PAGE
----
Evelyn Lamb in Scientific American:
For Halloween, I wrote about a very scary topic: higher homotopy groups.Homotopy is an idea in topology, the field of math concerned with properties of shapes that stay the same no matter how you squish or stretch them, as long as you don’t tear them or glue things together. Both homotopy groups and the somewhat related homology groups are different ways to describe the topology of shapes using algebra. In my post, I said that homology detects “holes” of different dimensions. But, as one commenter asked, what do I mean by holes of different dimensions?
Good question! I deliberately used “hole” as a wiggle word because there isn’t a real mathematical definition of hole. But here’s my short answer that is also the reason I’m not an algebraic topologist. If you can put it on a necklace, it has a one-dimensional hole. If you can fill it with toothpaste, it has a two-dimensional hole. For holes of higher dimensions, you’re on your own.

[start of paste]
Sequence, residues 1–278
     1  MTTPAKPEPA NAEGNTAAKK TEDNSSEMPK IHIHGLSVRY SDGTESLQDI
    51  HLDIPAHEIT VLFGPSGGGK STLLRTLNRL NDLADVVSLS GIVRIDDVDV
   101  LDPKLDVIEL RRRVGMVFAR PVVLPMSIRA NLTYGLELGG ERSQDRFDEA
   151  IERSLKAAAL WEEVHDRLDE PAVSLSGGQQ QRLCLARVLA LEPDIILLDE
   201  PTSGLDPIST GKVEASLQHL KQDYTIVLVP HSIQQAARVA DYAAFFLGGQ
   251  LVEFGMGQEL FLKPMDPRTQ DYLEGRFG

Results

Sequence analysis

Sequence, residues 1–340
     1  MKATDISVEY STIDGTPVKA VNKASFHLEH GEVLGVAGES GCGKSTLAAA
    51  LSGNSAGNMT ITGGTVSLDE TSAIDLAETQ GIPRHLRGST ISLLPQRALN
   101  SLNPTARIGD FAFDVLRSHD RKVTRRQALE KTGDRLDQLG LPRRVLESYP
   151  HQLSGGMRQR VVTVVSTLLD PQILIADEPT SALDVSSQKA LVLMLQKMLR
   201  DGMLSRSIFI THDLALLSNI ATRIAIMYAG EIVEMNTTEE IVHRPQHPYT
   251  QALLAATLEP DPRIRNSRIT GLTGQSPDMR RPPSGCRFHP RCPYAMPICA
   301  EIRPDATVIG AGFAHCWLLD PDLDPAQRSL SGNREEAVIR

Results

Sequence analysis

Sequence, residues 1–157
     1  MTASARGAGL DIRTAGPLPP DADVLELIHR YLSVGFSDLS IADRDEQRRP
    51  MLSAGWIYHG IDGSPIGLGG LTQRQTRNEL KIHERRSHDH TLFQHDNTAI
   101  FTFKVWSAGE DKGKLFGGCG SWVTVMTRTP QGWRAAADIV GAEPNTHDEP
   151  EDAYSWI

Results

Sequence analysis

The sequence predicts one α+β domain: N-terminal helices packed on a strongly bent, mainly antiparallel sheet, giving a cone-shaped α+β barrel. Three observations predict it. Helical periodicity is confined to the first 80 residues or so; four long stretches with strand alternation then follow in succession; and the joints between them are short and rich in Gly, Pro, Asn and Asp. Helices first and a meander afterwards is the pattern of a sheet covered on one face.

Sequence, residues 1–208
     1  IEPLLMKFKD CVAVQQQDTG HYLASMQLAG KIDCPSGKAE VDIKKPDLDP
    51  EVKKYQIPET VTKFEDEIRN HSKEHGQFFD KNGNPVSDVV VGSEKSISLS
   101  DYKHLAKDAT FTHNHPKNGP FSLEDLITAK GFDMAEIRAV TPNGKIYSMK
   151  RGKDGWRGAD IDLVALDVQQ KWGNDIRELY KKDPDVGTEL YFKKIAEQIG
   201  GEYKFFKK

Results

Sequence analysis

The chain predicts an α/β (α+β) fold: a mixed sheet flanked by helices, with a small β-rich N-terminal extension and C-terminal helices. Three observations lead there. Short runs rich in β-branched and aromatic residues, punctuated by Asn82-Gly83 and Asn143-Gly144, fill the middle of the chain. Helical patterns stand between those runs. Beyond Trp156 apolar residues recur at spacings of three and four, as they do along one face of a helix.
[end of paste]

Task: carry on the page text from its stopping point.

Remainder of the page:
That answer isn’t very satisfying. Is there a better way to describe holes? I talked with some of my topologist friends and discovered two things: topologists don’t all agree on what a hole is, and it’s fun and interesting to think about different interpretations of a word whose mathematical definition isn’t completely settled. I think my larger conclusion, in the spirit of the season, is that holes are like Santa Claus: the true meaning is in your heart. So let’s look into our hearts and think about what holes are.